Brassy entrants and fun-loving jury
New Zealand's Got Talent - of course it has!
After Sunday night's opening episode (TV One at 8.30pm), you could tell this series is going to be a hit.
There was much to like, parts to absolutely love, and hardly anything to dislike. If I needed any proof of that, Mrs Brown, who often gets embarrassed watching these sorts of programmes, also loved it, and never more so than when 10-year-old Jessie sang at the end. What a wee treasure she was, but more on her later.
I had reservations about Tamati Coffey being the compere, he's nice but bland and can be a bit earnest, but with one exception he was very good and entered into the spirit of the show.
The one time he did lose the plot was when some ladies were doing a belly dancing number, with mixed results and Tamati decided he should loosen his shirt and do his own belly dance number in the wings. You half expected Petra from the breakfast show to suddenly turn up and make it a duet.
But it was an isolated lapse on a night in which fun and talent ruled.
The judges, Rachel, Jason and Ali, were super, although Jason got off to a false start when he voted for Bill and his brass band to go through. Generally though, they laughed and shed a tear in all the right places (mouths and eyes) and added to proceedings, especially when Rachel good-naturedly joined a dancing geek on stage for what turned out to be a spot of dirty dancing - by her at least. In that one move she captured the essence of New Zealand's Got Talent. There wasn't quite the vivisection of some of the lame contestants that happens when Simon Cowell lets loose, but to be honest, it didn't need it. Bad singers and dancers don't really need to be told they are bad, unless they think they are good and then a judge is needed to cut them down to size, while we at home applaud.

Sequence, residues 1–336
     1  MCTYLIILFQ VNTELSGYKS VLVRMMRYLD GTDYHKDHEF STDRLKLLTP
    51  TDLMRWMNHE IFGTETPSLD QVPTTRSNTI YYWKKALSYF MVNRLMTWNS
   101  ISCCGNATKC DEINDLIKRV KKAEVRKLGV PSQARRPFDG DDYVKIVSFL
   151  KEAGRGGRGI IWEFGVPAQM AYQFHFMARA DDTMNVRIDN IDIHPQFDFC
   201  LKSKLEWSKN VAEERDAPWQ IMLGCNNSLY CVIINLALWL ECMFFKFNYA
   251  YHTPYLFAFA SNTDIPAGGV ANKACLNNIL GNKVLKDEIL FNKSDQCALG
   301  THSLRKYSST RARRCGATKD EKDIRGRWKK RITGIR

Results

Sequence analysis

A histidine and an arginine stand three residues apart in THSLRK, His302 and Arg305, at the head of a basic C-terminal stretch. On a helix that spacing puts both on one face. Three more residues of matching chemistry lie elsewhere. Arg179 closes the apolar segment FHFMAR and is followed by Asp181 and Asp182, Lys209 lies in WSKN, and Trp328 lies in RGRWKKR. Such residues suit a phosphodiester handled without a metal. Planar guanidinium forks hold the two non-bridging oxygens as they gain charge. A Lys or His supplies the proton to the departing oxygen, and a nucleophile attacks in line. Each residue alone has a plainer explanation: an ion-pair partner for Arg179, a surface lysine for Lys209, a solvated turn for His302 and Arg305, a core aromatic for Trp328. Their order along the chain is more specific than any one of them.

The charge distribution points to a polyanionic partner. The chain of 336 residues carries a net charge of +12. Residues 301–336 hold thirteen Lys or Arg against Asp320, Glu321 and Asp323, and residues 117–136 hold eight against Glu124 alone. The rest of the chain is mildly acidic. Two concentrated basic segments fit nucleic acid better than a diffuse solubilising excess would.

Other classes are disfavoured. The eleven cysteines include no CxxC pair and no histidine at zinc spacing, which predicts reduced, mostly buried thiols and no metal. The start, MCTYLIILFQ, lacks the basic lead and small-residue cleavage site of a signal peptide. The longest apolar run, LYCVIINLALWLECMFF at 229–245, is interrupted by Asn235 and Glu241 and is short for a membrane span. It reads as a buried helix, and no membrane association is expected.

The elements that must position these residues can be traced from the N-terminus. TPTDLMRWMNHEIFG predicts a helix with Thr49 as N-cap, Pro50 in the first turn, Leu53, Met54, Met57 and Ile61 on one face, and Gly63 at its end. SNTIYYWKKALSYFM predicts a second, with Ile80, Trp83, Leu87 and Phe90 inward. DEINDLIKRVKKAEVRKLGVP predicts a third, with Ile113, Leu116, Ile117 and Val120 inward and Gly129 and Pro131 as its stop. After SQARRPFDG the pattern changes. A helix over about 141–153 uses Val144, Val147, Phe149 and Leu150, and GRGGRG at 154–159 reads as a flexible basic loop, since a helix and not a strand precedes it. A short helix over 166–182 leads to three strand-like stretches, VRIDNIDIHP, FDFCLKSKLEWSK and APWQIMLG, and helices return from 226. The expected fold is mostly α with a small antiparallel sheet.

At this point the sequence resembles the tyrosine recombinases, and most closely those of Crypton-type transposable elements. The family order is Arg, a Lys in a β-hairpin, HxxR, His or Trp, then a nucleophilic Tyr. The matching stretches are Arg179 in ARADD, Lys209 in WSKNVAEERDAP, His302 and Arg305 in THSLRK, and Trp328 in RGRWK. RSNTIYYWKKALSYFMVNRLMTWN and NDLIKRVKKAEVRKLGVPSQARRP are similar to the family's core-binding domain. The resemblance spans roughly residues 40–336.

It started off with Bill, an old busker who performs as "Bill's Brass Band". He did a terrible rendition of the old Dad's Army number, Who do you think you are kidding Mr Hitler?
But the good thing about it was that it was done with lashings of humour. Bill took the proverbial and clearly was having fun, especially when he had to engage the clashing of the cymbals, which came thudding down on his head with some force - and wincing from the judges and audience alike.
Rachel also has already come out with the one liner that could well be the mainstay of the show for her: “You are what this show is all about!" indeed. Several of them qualified for that homage. Unbelievably, Jason thought he should go through to the next round, but Rachel and Al put a stop to that. It was a lively start to the show and what an extraordinary lineup was to follow. There was an Elvis impersonator who was slightly less tuneful than a castrated camel and was quickly put out to pasture. The belly dancers weren't too bad, but there's a limit to how much talent there is in a collective bevy of bellies.
There was a woman of mature years singing with mixed success, and Jason said it all for us when he let her go gently. "With the utmost of respect, that's awful."
There was a confident young man, Tawaroa, who could sing and when he said he was going to sing a Rod Stewart number, Rachel, an ex-Mrs Rod Stewart, was blushing. He sung pretty well, serenaded her and then reduced our Rach to tears. Mrs B thought he should go through because he looked like Sonny Bill whatsisname who used to play for the All Blacks. He did and he did.
Judge Jason wasn't so impressed. "There's always a danger singing to one judge when there are three."
There was a 9-year-old girl who actually could yodel, a Maori performing group who were a great mixture of humour and dance and a large lad who could sing beautifully.
But there were two absolute stars. The first was Jessie, as I said earlier. She had the voice of an angel, a lovely smile and (the bit which impressed Mrs B) impeccable manners. She captivated everyone and she could win this, or as Rachel inevitably said, “you are what this show is all about".
The other standout contestant was Olivia, a woman of mature years. She too could sing like an angel, but she threw everyone when she revealed she was 91. The word sprightly does not do her justice, she didn't look a day over 89.
She went through to the next round and you couldn't help but think . . . she is what this show is all about.
The Timaru Herald